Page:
Telomere Science Library

Publications, Presentations, and Videos
about the Nobel-Prize Winning Science of Telomere Biology

Weight loss associated with bariatric surgery does not restore short telomere length of severe obese patients after 1 year.

Authors: Caterina C. Formichi, Silvia S. Cantara, Cristina C. Ciuoli, Ornella O. Neri, Francesco F. Chiofalo, Federico F. Selmi, Andrea A. Tirone, Giuseppina G. Colasanto, Leonardo L. Di Cosmo, Giuseppe G. Vuolo, Furio F. Pacini
Published: 11/07/2014, Obesity surgery


Telomere shortening is physiologically associated with ageing but it may be influenced by oxidative stress and chronic inflammation, linked to obesity. Thus, obesity might represent an additional cause of telomere attrition. We aim to study relative telomere length (RTL) in obese subjects with and without metabolic syndrome and to assess the effect of weight loss induced by bariatric surgery.


We evaluated RTL in 107 obese subjects (62 with metabolic syndrome and 45 without metabolic syndrome), compared to 130 age-matched non-obese subjects. We also measured RTL in a subgroup of 93 obese patients prior to and 3, 6, 9 and 12 months after surgery.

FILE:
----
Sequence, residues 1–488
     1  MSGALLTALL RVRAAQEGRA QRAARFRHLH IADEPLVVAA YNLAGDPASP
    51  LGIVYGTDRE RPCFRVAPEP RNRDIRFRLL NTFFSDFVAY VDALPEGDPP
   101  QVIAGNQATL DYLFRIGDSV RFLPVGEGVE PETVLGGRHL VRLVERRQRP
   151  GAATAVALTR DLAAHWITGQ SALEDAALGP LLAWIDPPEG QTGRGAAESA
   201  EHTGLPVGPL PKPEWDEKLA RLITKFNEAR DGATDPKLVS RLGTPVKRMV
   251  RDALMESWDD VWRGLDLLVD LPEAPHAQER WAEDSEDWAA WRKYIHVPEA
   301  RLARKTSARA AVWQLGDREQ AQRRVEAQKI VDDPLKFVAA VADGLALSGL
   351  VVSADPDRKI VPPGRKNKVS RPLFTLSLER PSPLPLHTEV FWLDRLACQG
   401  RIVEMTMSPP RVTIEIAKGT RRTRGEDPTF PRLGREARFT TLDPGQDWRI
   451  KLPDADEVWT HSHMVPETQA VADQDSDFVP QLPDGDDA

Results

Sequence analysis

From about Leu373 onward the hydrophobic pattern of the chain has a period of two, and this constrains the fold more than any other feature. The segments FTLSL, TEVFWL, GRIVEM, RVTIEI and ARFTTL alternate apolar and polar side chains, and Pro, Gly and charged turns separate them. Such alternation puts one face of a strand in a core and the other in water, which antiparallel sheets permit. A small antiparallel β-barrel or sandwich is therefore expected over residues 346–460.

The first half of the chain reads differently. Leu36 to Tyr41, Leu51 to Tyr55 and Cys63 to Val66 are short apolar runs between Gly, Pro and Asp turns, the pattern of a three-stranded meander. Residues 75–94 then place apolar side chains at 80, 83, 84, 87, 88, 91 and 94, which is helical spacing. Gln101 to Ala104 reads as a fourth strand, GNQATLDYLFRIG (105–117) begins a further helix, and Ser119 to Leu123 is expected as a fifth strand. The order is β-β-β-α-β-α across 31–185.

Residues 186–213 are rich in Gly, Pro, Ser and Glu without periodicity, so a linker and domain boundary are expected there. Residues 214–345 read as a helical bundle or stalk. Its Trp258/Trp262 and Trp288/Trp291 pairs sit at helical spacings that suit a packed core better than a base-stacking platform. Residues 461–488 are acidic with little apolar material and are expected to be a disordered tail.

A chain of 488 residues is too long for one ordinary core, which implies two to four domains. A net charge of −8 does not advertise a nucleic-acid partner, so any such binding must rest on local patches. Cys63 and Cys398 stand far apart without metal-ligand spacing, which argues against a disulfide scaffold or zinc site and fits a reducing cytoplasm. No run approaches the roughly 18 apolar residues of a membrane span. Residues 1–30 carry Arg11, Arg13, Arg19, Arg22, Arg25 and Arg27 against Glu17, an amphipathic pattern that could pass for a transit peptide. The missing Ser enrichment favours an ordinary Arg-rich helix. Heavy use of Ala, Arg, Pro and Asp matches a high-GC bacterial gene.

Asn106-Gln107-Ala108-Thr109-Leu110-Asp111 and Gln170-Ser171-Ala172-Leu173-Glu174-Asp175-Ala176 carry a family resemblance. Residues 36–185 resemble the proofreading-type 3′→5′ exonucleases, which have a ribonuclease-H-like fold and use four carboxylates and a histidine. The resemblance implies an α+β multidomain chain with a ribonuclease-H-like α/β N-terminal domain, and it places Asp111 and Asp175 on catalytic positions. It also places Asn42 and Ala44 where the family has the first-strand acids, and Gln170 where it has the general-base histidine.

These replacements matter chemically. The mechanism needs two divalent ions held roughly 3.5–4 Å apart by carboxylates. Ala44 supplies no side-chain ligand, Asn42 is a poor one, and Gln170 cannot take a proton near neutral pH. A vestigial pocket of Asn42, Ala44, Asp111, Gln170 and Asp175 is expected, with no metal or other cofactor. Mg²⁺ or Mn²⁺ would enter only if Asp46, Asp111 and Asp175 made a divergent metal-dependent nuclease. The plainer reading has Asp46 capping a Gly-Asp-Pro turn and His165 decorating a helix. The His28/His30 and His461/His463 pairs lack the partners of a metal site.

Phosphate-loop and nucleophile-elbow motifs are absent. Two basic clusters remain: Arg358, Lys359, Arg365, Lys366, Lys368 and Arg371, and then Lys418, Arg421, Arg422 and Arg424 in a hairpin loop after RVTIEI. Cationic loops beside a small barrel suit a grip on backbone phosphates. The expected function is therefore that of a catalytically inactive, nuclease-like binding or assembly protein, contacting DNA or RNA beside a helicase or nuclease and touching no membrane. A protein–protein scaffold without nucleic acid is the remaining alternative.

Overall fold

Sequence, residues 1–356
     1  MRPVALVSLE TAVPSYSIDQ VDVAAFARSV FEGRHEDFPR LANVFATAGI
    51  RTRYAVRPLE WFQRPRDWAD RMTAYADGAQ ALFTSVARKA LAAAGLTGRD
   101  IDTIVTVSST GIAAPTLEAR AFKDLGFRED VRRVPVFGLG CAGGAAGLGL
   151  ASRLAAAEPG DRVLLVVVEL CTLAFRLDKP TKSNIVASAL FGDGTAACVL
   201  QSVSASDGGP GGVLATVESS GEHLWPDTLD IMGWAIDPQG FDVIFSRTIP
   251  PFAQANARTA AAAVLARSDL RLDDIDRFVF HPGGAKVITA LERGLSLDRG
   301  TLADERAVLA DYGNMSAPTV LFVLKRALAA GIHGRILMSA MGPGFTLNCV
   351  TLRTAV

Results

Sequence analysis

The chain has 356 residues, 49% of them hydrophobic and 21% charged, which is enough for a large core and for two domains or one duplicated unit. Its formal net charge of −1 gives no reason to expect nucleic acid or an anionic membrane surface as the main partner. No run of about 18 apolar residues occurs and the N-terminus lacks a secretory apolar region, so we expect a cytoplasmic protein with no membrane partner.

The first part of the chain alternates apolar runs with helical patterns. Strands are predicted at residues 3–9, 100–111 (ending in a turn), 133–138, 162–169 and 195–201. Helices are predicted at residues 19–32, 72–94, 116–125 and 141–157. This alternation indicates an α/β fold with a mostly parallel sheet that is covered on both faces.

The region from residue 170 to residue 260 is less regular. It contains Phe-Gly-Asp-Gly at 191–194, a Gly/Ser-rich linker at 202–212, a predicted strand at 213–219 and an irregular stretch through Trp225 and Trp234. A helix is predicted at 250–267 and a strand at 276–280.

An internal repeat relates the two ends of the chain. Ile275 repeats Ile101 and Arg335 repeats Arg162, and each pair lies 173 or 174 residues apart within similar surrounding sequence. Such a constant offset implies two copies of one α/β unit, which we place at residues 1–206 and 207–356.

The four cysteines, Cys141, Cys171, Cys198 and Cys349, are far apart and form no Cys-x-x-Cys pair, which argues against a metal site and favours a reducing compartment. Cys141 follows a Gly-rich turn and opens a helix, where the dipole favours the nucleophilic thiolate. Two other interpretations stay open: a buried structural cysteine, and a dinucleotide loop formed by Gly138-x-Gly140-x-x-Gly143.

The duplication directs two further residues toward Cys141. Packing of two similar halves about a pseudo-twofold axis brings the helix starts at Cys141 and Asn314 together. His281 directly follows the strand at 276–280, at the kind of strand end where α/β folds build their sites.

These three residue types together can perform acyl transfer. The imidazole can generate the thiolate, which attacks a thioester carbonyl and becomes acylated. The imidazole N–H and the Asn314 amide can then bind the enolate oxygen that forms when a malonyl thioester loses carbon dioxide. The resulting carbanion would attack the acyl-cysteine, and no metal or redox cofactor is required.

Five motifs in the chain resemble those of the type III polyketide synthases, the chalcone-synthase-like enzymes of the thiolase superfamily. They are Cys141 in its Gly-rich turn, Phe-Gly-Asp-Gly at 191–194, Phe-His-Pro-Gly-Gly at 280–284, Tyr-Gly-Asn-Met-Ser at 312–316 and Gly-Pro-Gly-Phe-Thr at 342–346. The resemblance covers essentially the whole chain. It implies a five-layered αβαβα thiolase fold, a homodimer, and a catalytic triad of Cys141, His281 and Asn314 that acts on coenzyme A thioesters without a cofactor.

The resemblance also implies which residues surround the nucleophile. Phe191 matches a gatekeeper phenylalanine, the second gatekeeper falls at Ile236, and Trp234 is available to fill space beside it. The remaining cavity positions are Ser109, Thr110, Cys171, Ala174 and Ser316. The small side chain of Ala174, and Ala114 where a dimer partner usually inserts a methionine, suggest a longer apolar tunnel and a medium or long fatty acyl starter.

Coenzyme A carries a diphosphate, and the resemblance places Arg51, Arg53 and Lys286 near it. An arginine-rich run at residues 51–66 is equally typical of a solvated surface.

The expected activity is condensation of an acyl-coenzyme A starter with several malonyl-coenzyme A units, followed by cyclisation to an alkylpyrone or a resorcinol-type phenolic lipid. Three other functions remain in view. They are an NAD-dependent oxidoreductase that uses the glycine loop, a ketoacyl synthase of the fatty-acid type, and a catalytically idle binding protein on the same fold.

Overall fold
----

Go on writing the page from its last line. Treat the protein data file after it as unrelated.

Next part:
RTL of obese subjects was significantly shorter (p<0.0001) than non-obese subjects but without differences between patients with and without metabolic syndrome (p=0.19). RTL was significantly shorter than baseline at 3, 6, 9 and 12 months after bariatric surgery.


These results confirm that obese subjects have shorter telomeres compared to non-obese subjects, but RTL is not influenced by the presence of metabolic syndrome. RTL shows an additional attrition during the immediate post-operative period, probably due to a catabolic state.

PubMed Full Text